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Nobody Needs an Estate Plan, Exit Plan or a Buy-Sell Agreement

December 18, 2014

But their families and survivors do.

Estate plans are done so that the remaining family members can have liquidity, minor children will have guardians of your choosing with a dependable cash flow, children won’t fight [much] over the money, people of your choice will collect and distribute assets and make transfers in an orderly manner and estate and inheritance taxes can be minimized as can the costs of settling the estate.

Succession or transition plans don’t matter for the person that drops dead, but not having things in order is very unfair to your family or those that work in the business or who depend on it.  There also can be mucho costs to wind down a business and close it up.  And, possibly the owner won’t drop dead, but will become disabled and would need cash flow from the business. Then, they would be really be screwed and by their own doing!

A buy-sell agreement is a will for a business.  If an owner drops dead or suddenly is disabled, the lack of an agreement will cause fights between the remaining owners and the dead owner’s family.  Not “may” cause, but “will” cause. 

Selfish self-centered boors don’t protect their families by setting things up so that there will be a minimum disruption during a usually upsetting period.

You are getting ready to start a new year… start it right.  Get your affairs in order.

Updated Income Tax, Estate Tax and Retirement Plan Amounts

December 16, 2014

Here is a quick guide to increases in some tax-related amounts in 2015 compared to 2014.

Gift and GST tax annual exclusion – remains at $14,000.

Estate, gift tax and GST lifetime exclusion – increases to $5,430,000 from $5,340,000.

FICA wage base – increases to $118,500 from $117,000.

Auto standard mileage rate – $.575 up from $.56.

Compensation limit for defined compensation plans – Increases to $265,000 from $260,000

Defined contribution plan annual contribution limit – $53,000 up from $52,000

401k, 403b, SARSEP, and 475 plan annual deferral limit – $18,000 up from $17,500

“ catch up contribution – increases to $6,000 from $5,500

SIMPLE Plan – up to $12,500 from $12,000

“ catch up contributions – up to $3,000 from $2,500

IRA and catch up – remains at $5,500 and $1,000

 

There are others, but these are some of the more popular amounts that affect our clients.  If you email me your postal mailing address, I’ll send you a handy chart with all the changed amounts.  My email: emendlowitz@withum.com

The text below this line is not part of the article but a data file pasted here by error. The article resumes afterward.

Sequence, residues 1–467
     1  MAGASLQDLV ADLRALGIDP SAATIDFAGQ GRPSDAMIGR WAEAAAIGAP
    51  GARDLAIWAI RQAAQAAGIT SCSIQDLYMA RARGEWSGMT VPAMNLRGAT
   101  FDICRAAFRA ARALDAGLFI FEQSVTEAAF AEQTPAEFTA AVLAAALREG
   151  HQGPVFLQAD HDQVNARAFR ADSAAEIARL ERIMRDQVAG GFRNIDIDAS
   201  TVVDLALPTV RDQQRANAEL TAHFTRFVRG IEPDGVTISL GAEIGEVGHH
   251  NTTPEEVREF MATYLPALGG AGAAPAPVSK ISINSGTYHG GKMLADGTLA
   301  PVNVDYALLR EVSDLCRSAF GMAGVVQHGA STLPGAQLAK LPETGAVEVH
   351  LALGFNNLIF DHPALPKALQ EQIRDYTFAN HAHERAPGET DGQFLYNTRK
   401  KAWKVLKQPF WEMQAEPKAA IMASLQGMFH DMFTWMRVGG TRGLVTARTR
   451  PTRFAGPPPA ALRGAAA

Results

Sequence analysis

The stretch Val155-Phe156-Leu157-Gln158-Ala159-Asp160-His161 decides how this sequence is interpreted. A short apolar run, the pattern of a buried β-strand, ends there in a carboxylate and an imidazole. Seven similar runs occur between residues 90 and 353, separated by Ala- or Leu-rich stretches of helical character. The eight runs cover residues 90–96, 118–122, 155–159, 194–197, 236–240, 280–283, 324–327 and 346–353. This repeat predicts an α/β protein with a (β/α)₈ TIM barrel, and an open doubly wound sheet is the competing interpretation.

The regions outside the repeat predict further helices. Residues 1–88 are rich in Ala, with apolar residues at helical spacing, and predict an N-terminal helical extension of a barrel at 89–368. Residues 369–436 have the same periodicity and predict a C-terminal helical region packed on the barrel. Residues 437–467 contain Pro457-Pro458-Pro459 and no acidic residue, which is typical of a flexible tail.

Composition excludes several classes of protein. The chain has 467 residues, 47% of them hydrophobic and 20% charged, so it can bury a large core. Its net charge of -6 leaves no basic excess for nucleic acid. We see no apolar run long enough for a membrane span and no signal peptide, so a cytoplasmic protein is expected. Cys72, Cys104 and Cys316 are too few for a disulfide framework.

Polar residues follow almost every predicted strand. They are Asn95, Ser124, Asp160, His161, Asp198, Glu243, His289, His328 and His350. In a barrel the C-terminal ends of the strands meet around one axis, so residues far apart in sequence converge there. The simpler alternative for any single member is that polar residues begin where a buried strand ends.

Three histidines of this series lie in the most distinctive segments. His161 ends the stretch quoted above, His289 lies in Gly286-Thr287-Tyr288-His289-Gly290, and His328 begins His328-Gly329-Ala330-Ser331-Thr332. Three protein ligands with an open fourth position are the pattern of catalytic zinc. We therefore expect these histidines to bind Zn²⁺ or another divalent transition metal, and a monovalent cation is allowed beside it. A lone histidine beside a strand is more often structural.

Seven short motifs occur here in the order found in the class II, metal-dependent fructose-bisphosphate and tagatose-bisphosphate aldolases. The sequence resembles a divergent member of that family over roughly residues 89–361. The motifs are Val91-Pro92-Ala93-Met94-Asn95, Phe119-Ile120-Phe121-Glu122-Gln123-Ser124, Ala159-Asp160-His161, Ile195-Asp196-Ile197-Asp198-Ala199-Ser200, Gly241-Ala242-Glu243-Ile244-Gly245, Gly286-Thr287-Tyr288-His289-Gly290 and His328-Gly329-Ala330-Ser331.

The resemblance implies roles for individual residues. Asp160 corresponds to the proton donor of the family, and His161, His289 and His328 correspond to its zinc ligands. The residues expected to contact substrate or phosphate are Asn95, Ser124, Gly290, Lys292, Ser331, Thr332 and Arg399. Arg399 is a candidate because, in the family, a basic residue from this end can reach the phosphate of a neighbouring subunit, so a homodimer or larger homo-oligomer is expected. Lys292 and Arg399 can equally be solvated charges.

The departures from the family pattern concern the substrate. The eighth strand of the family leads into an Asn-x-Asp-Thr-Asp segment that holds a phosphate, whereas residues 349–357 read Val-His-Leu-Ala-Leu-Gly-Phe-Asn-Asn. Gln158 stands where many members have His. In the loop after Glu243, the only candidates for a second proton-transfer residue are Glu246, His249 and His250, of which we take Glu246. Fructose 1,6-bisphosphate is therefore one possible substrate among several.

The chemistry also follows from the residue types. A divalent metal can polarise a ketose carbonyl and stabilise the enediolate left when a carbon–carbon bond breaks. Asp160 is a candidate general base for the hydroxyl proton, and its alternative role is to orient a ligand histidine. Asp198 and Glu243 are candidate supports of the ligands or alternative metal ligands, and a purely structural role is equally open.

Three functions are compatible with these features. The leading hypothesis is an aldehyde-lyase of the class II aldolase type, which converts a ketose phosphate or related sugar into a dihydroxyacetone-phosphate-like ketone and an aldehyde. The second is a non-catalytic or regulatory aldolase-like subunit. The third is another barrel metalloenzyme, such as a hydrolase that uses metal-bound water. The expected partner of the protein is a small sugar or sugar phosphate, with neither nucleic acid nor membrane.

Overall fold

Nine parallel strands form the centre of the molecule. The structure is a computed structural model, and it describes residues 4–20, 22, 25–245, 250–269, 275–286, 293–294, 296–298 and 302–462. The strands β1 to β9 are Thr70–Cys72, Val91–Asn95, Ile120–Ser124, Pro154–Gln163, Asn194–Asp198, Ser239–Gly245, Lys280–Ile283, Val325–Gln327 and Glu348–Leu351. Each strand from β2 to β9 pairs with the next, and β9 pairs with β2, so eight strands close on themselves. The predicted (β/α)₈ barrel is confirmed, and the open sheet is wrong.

Stocks Go Up, Down and Never Stay the Same

December 11, 2014

Every day every stock value changes.  On balance, there is a gradual overall increase in stock values but that occurs over long periods such as ten or fifteen years.

There is a but!  A big but!  The gradual increase doesn’t apply to every stock or even every group or sector.  Witness the change since 2000 in the values of the three largest indexes.  The Dow Jones Industrial Average and S&P 500 are at all-time highs while the NASDAQ is still 17% lower than its March 2000 high.  Also as I pointed out in a previous blog, some of the DJIA components are still lower than their highs in 2000.

It is now time to repeat myself:  Buying individual stocks is risky.  Buying the funds that track the large indexes is less risky.  Neither method will insulate you from an overall market drop or meltdown, but we’ve seen eventual bounce backs and recoveries. 

A recent article indicated that this year 85% of the large mutual funds that do not track the indexes [referred to as actively managed funds] did not do better than their appropriate index.  85% of the best professionals in the business did not beat the market, and when you buy individual stocks, do you expect to?  Not likely.  At best, you have a 15% chance based on what happened this year.

Simple advice: If you want to invest in the stock market, consider the funds tracking the large indexes rather than actively managed mutual funds or individual stocks.

Caveat for all my blogs which represent my opinions:  Individual situations require personalized attention based on your circumstances.  Before you act on any general advice consult with a financial advisor.

Bond Funds Hoarding Cash

December 9, 2014